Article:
Ice hole survival
Today started quite normally, walking to the university in the snow, moving quickly to keep warm, and slip sliding in the usual fashion. I went back to my flat for a lunch of fried rice – one of my two staple meals since I arrived. At the end of the day I headed to Erkki’s house to find something to do. After a good session of computer games with Anton and Clint, Erkki and Pavi came back from dinner and immediately Pavi suggested that the next activity should be a trip to the ice hole. I had heard, in disbelief, about these ice holes, where a hole is cut into a lake for people to jump in. The reason for this was unfathomable to me, and remains so! Anyway, Pavi was pressing Clint to go who had cunningly forgotten his towel and trunks, while I tried to laugh off the idea. There was no way I wanted to put my body anywhere near ice cold water.
Sometimes, though, you have to make sacrifices for your country when you are in foreign places, and I didn’t want to be seen as the weaker party – especially in the presence of a fellow American. But this was not a sacrifice, this was suicide! However, with my ancient roots, I had to honour the Gale motto: Never let the side down. So I casually went along with the idea, and Pavi kindly prepared the necessary equipment for the mission. When your path has already been chosen, or your sentenced passed, the only thing you can do is accept it gracefully and enjoy those last moments. As such, I confidently strode out into the night air ready for whatever I would have to suffer.
On arrival at the ice hole there was some confusion as to whether it was still open. For a few moments I thought that God had intervened, but He was just torturing my kilesa. My hopes were dashed, the damnable hole was open! I had used the bathroom before leaving the house, but now I needed to go again. Slowly I put on the speedos and headed out into the cold night air. Pavi was striding confidently towards the water, while I surveyed the icy surroundings. Luckily madness got to me before fear, and I pushed on quickly to the water. My feet touched the surface and before I could feel any sensation I had dived in.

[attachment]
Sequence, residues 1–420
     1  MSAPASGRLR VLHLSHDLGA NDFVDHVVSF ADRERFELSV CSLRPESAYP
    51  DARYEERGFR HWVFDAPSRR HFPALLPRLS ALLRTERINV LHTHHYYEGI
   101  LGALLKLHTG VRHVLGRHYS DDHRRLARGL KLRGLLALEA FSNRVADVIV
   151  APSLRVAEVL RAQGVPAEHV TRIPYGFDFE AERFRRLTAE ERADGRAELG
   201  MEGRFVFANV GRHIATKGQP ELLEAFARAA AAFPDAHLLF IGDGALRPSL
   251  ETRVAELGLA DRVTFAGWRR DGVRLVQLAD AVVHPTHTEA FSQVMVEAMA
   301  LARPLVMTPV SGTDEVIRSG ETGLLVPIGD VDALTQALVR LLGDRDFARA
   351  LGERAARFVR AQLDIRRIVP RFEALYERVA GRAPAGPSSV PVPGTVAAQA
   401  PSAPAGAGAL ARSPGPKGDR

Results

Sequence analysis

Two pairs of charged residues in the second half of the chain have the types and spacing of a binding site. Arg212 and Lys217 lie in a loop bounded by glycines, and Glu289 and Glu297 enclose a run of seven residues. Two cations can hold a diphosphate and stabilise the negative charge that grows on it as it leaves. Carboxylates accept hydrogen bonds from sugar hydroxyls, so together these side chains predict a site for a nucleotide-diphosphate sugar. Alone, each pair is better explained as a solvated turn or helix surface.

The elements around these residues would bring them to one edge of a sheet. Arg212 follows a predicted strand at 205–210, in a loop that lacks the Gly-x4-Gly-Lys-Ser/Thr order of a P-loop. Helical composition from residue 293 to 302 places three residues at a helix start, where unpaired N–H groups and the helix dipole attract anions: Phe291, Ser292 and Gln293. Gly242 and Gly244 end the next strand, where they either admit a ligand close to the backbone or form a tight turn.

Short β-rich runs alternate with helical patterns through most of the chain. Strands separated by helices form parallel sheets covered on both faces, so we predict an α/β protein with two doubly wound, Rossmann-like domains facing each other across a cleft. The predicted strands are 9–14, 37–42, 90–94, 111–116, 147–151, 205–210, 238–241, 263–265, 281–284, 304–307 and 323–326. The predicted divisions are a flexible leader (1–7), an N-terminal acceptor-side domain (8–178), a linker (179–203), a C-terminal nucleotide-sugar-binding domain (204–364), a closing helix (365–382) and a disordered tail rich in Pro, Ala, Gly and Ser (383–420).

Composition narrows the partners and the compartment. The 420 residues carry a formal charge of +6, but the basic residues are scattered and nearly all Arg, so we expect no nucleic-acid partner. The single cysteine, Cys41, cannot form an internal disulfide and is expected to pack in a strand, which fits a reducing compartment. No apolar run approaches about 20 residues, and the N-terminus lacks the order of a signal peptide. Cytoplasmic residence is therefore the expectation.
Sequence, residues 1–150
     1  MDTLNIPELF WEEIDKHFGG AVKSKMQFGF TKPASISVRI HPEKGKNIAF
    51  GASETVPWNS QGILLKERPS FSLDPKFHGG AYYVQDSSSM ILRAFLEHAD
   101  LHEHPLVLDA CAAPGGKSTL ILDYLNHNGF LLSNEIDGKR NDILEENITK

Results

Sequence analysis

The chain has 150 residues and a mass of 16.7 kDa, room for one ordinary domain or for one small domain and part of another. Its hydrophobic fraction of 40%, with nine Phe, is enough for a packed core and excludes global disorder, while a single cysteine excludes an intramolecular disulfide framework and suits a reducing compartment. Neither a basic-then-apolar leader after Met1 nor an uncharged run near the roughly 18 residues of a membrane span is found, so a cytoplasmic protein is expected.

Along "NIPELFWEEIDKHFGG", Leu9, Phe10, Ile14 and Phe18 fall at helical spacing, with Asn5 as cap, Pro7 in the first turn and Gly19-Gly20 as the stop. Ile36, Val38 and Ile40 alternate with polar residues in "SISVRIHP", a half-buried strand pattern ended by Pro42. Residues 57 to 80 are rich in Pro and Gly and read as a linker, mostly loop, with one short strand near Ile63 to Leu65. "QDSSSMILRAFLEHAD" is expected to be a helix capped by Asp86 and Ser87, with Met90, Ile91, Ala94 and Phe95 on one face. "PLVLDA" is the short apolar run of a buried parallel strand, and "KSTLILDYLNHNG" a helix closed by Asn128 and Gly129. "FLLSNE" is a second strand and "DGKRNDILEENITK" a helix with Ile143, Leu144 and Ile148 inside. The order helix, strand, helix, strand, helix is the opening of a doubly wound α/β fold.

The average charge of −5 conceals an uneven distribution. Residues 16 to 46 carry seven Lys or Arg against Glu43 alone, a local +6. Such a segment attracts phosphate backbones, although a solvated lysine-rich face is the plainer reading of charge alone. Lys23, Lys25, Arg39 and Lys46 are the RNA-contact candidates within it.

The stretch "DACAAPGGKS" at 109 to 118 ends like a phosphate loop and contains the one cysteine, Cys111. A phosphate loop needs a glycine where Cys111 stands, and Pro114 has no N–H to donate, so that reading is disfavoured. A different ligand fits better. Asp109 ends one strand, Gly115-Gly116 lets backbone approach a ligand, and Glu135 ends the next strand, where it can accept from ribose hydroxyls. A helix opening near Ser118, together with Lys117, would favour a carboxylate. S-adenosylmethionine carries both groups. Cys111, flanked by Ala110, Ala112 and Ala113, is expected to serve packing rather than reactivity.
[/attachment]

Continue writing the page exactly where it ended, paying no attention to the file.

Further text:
Seconds later shock, pain and feared took hold of my brain. I was several metres from the edge and an odd burning feeling was attacking my limbs, the ice eating away at my skin. As the sensation engulfed my entire body, I was swimming as quickly (and as coolly) as I could back towards the edge. I pulled myself out with the ladder which was completely covered in ice – just like my body! Then it was a case of getting to the sauna as quickly as possible without passing out.
The sauna was warm, but I was shaking from the cold. For once, I actually wanted the sauna to be unbearably hot! After 5 minutes of intense heat I was still only half defrosted. Pavi advised me not to dive in because if you get your head wet then you can get cold – as if the rest of the experience was not intended to make you cold! A short time later I was warming up nicely and singing the praises of the sauna.
Unfortunately, we had to take another dip before going home. I prepared myself, took the long walk down to the edge and then plunged in. This time I did not stray far from the edge and I was out again no time, sprinting towards the sauna once more. I did not even hear Pavi saying we should go now. Apparently I was not allowed in the sauna again. But Clint followed me in, and we defrosted a second time. However, Pavi insisted that we must take a dip in the ice hole last, which meant that a third attempt on my life was necessary.
I readied myself. Then, at once, I dashed out of the sauna with a mind focussed completely on the mission. This approach was the most successful – there was no thought of pain, no hint of like or dislike, no desire to return to the sauna (well maybe). It was like meditating past the pain barrier. And after it was over I actually felt quite good. My skin was tingling on the way home, but generally I felt relaxed and satisfied. Maybe I even enjoyed the experience – in some strange Finnish masochistic way! The good news is that I do not think I will be afraid of swimming in the English sea after this – nothing could be colder than a Finnish ice hole.